I also love that even in the first year, CMU CS won’t give you the general education classes a lot of other universities would do. You hit the ground running with major specific classes: from discrete math to data structures to linear algebra (did I mention that there’s a lot of math in CS?) It’s very apparent that you are thrown right into the crossroads of computer science and math (which if you aren’t excited about taking, you shouldn’t be here!).

Yes, there is a stress culture. However, it’s on you to determine how much of this will affect you, and how much you will contribute to it. Furthermore, this school will teach you time management like no other. I was able to sleep at midnight nearly every single day of the school year, without sacrificing quality in my coursework or time for other things (like robotics research! Or a sorority recruiting event!) simply because I changed how I spent my time. I’ve learned to reach out to the amazing faculty for help, and of course, my fellow students. I’ve learned that a few hours of very focused, productive time is more than enough to finish the seemingly endless problem sets (and even front load a bit on assignments). A regular sleep schedule will carry you far here.

As a result, we end up working hard and playing hard. There are opportunities for you to get out of your CS (or other majors) bubble and be social, and try out greek life, hackathons, buggy, entrepreneurship (ever heard of Duolingo? Yep, that’s straight out of CMU!), research, and other student organizations. Carnival is an absolute blast and the highlight of everyone’s school year! There are definitely parties if that’s more up your alley. Your social aspect of college is only as fun and fulfilling as you make it.

In terms of the social scene: the School of Computer Science is highly selective, and so the class size is small (around 200 people). You will get to know most, if not all of your classmates by the end of the first year, and you’ll regularly acknowledge each other as you walk by each other, say hi as you work out a problem on a whiteboard, or ask if they’re free for dinner later.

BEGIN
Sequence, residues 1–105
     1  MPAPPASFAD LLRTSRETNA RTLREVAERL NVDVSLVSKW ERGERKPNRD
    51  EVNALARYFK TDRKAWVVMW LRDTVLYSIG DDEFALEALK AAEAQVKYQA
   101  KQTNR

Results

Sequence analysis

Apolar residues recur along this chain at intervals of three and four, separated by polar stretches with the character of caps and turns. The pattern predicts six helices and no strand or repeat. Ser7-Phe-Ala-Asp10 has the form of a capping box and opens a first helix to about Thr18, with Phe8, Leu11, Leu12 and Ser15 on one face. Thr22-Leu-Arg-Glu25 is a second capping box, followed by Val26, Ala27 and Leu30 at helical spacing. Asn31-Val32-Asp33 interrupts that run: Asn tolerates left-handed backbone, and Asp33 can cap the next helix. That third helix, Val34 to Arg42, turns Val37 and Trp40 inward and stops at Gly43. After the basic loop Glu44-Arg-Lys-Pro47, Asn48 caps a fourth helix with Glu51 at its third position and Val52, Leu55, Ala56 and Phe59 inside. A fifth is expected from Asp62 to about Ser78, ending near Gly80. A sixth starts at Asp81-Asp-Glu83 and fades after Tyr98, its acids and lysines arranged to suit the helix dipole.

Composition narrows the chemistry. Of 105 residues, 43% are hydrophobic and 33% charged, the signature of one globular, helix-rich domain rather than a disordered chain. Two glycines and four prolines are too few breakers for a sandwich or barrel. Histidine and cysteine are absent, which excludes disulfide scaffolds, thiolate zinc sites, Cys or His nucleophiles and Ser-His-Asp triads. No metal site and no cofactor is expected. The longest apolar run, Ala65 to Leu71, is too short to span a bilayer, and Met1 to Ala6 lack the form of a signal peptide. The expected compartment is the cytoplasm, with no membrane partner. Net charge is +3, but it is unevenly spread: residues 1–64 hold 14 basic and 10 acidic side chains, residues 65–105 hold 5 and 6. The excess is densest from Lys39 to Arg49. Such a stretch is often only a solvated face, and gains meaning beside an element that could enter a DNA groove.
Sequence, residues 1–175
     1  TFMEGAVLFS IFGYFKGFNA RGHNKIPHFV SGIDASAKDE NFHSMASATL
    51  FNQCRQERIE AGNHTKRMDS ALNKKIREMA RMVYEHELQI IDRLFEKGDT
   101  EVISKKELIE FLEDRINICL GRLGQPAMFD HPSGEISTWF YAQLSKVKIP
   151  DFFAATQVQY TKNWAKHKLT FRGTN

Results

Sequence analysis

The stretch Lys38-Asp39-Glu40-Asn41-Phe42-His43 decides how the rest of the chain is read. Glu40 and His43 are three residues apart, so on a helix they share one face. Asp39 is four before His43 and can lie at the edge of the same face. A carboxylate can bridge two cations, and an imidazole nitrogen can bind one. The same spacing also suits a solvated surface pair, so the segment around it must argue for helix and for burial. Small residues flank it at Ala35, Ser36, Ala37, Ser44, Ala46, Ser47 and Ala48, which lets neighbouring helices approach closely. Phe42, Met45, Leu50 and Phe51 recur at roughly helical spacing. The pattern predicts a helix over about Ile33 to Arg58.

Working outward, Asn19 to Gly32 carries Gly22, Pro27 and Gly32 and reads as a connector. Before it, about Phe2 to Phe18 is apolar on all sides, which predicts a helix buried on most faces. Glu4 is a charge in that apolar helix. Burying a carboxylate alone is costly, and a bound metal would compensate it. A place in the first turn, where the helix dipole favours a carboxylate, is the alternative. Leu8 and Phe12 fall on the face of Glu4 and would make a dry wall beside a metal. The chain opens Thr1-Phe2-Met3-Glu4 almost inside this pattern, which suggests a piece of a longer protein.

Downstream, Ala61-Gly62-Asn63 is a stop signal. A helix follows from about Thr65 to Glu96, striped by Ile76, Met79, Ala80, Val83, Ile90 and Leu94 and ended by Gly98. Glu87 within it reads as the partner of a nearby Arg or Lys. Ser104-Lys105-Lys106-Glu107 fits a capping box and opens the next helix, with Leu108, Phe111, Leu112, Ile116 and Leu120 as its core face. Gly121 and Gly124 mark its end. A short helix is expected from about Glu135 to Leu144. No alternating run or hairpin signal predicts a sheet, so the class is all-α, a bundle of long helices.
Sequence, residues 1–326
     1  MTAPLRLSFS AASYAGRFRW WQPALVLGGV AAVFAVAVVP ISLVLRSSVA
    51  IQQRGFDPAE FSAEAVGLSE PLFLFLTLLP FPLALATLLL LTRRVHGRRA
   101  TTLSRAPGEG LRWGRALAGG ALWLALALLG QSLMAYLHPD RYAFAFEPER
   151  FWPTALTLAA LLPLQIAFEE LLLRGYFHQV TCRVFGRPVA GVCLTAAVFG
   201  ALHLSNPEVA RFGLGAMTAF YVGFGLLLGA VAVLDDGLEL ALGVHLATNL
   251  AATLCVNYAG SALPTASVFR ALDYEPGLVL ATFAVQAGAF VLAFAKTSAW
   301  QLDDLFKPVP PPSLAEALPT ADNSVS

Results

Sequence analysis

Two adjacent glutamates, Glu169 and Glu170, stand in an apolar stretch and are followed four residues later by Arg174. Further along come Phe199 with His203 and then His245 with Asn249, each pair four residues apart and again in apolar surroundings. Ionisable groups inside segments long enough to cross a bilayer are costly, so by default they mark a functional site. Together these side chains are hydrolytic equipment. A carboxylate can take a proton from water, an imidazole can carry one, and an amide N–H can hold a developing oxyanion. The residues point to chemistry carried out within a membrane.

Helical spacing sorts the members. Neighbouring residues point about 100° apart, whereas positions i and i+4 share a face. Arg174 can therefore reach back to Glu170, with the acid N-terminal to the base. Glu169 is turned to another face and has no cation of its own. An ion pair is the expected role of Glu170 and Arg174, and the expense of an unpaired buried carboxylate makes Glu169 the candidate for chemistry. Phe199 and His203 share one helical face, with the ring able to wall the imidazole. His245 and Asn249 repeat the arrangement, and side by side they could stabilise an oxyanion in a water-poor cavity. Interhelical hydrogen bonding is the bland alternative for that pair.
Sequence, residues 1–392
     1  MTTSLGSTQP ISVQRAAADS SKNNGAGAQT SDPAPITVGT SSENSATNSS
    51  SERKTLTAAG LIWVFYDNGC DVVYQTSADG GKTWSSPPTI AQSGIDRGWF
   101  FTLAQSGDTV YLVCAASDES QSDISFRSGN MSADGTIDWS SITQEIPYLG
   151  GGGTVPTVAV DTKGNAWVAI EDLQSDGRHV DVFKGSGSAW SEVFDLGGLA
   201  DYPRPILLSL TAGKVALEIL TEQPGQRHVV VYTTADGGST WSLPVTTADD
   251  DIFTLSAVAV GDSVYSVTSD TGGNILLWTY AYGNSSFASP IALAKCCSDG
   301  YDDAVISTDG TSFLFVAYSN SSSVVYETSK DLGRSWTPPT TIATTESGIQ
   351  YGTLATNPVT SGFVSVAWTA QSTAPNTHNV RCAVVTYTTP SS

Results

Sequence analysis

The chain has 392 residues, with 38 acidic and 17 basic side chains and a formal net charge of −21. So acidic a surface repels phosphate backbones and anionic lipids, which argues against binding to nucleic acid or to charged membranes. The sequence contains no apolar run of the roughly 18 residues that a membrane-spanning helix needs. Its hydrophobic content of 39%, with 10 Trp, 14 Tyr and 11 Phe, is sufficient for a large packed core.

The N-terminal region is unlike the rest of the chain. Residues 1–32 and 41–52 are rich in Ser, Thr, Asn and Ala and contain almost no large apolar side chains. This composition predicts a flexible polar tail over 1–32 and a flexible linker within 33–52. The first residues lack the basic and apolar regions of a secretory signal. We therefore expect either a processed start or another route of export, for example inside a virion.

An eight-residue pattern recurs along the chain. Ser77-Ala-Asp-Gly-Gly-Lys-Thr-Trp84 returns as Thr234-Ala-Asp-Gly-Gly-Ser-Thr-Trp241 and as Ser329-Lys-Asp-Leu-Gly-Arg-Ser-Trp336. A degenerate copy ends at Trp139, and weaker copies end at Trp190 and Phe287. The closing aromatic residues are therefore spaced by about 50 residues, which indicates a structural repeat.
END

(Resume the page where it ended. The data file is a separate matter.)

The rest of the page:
You also get incredibly close to your professors and advisors. Not to mention that we have 12 Turing award winners. The faculty is pretty incredible here and it’s very obvious that they’re just as passionate as you are about computer science.

So - do your research. CMU (especially SCS) is not for everyone, but if you’re a fit, you will thrive here. Bloom where you’re planted!

Feel free to DM me if you have any questions regarding Carnegie Mellon University, computer science, robotics, or anything really! I’d be more than happy to chat. :slight_smile:

1 Like

Thanks for the heads up. Does CMU take maximum 5 AP and daul enrollment courses count for course credits?

Hello! CMU does take APs and it’s not limited to 5; I got many (more than 5) of my AP scores transferred to CMU ‘credits’ (we call them units). Dual enrollment probably does count, but I personally never had any so I can’t give you a clear answer on that - probably better to contact Undergraduate Admissions.

Thank you very much for your info.

Thanks so much for the informative post! What’s CMU like for international students? There doesn’t seem to be any aid…

Hi @hunter2! Unfortunately I’m not an international student so I don’t have a good idea of how much aid CMU would give. You can look at this:
[url = <a href=“https://admission.enrollment.cmu.edu/pages/net-price-calculator%5DFin”>https://admission.enrollment.cmu.edu/pages/net-price-calculator]Fin Aid Calculator which can give you a good idea of how much financial aid you can expect to get.

However, I think that international students are welcomed and such an integral part of our community. I have quite a few international friends that I’ve become so close to during my years here and I can confidently say that they’re some of the most brilliant and witty people I’ve ever met. :slight_smile:

Very informative post. Thank you. Is the BCSA degree computer science curriculum the same as the core CS major or is it different. Any information you can share on this?

Atmosphere sounds similar to what you’d find at GT, Waterloo, or Harvey Mudd.